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Class of 2020: Are You Done With Rowing?

Updated: May 10, 2021

Class of 2020, what is your relationship with rowing now? Given the incomplete and unsatisfactory ending to everyone’s spring season, “Should I continue rowing after school?” is a fair question.

A while back I wrote this piece about how rowing clubs can do more to recruit recently graduated rowers into the club ranks. Now I will speak directly to those who recently graduated, missed your last spring season, and now potentially consider themselves “done” with rowing. I will suggest that not only should you continue rowing, but now is the best time in your lives to continue your pursuit of rowing. For the first time, you can define your relationship with rowing with your own agency, without coaches, schools, or parents influencing your experience.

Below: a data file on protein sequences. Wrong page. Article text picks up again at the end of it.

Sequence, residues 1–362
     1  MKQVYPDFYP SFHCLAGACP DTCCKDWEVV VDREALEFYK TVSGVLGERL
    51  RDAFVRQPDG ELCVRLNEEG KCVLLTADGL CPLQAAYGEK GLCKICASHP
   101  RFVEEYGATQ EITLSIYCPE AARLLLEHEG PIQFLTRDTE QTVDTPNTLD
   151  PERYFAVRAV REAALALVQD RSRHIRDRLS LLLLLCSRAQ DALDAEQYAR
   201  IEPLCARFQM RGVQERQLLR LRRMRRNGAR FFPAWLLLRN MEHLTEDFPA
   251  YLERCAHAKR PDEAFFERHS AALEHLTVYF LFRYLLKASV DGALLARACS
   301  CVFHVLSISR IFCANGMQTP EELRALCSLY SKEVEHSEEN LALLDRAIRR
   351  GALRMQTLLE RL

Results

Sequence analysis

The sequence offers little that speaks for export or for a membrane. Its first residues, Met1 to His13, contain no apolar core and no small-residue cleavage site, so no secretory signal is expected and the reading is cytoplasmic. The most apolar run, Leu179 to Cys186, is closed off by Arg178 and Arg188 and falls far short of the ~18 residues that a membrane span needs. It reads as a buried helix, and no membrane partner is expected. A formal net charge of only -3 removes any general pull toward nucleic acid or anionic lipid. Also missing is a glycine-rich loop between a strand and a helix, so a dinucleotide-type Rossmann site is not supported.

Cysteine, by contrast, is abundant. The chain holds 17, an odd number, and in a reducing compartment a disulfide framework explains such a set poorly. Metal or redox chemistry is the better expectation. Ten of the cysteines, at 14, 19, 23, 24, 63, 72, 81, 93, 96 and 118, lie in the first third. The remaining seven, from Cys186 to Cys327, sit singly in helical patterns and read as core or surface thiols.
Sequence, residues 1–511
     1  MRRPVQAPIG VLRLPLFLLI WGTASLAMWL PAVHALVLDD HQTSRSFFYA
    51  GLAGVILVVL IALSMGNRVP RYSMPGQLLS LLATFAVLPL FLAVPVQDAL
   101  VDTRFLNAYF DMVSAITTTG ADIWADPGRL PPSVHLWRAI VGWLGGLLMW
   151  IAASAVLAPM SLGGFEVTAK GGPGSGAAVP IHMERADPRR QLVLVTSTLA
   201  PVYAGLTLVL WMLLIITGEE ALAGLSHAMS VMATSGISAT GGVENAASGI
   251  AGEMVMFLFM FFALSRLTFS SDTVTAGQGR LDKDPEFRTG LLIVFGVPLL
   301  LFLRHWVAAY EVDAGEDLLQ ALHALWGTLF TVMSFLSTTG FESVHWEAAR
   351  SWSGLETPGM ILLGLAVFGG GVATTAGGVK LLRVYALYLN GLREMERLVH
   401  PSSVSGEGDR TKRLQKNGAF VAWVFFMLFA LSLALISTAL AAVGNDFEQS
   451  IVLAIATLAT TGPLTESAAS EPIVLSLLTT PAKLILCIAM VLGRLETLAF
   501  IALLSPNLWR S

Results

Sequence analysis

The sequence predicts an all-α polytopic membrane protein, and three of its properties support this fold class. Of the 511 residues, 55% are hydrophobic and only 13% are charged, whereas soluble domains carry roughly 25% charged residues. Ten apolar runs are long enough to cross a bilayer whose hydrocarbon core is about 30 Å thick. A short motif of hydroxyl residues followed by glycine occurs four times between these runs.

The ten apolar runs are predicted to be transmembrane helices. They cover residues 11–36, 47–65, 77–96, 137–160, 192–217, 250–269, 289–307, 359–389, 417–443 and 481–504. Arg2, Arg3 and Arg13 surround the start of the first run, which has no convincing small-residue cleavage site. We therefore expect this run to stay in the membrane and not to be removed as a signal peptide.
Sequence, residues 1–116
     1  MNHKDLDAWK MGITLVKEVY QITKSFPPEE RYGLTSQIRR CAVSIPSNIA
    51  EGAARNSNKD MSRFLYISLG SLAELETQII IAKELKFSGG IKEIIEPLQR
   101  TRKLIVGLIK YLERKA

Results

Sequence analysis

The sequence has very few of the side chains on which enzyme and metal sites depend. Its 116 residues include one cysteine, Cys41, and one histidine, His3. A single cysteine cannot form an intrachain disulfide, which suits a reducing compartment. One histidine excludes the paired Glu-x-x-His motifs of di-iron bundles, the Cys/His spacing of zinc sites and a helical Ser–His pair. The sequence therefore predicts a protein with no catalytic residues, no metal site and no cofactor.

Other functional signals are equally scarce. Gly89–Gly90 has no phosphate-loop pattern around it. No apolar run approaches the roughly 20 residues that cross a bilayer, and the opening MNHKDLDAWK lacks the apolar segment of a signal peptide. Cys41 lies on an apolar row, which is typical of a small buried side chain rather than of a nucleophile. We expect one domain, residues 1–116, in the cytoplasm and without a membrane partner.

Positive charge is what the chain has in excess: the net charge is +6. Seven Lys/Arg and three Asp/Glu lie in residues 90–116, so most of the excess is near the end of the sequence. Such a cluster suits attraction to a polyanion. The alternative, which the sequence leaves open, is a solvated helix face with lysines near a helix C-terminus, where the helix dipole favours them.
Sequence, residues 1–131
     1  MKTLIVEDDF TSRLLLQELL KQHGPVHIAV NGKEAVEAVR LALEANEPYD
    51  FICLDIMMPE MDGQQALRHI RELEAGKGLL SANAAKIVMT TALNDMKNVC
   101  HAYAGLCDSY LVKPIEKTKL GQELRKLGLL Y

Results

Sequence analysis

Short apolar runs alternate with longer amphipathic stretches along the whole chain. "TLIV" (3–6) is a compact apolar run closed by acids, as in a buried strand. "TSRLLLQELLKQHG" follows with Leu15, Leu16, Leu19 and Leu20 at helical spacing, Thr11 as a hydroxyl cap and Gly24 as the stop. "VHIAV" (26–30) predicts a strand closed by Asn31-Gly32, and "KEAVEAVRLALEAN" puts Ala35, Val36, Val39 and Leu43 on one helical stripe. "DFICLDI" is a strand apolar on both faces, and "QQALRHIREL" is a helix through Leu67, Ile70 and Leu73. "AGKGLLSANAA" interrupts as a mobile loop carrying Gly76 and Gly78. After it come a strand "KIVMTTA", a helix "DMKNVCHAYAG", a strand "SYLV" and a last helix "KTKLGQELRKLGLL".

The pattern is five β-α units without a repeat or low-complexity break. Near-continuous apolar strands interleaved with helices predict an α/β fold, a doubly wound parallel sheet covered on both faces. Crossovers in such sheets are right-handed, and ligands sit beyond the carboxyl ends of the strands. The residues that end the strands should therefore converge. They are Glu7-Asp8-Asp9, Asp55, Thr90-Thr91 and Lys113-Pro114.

It is understandable why some rowers and coxswains, after four or even eight years of rowing, feel the need for a break. Often success was defined by coaches, parents, administrators and even peers. While you could enthusiastically accept team goals as presented, and transfer them into personal goals, invariably those goals were predominantly extrinsic. When the goals are so extrinsic, the training and practice time feels less and less fulfilling, and more and more like indentured work. After a while, you may feel ready to move on from it.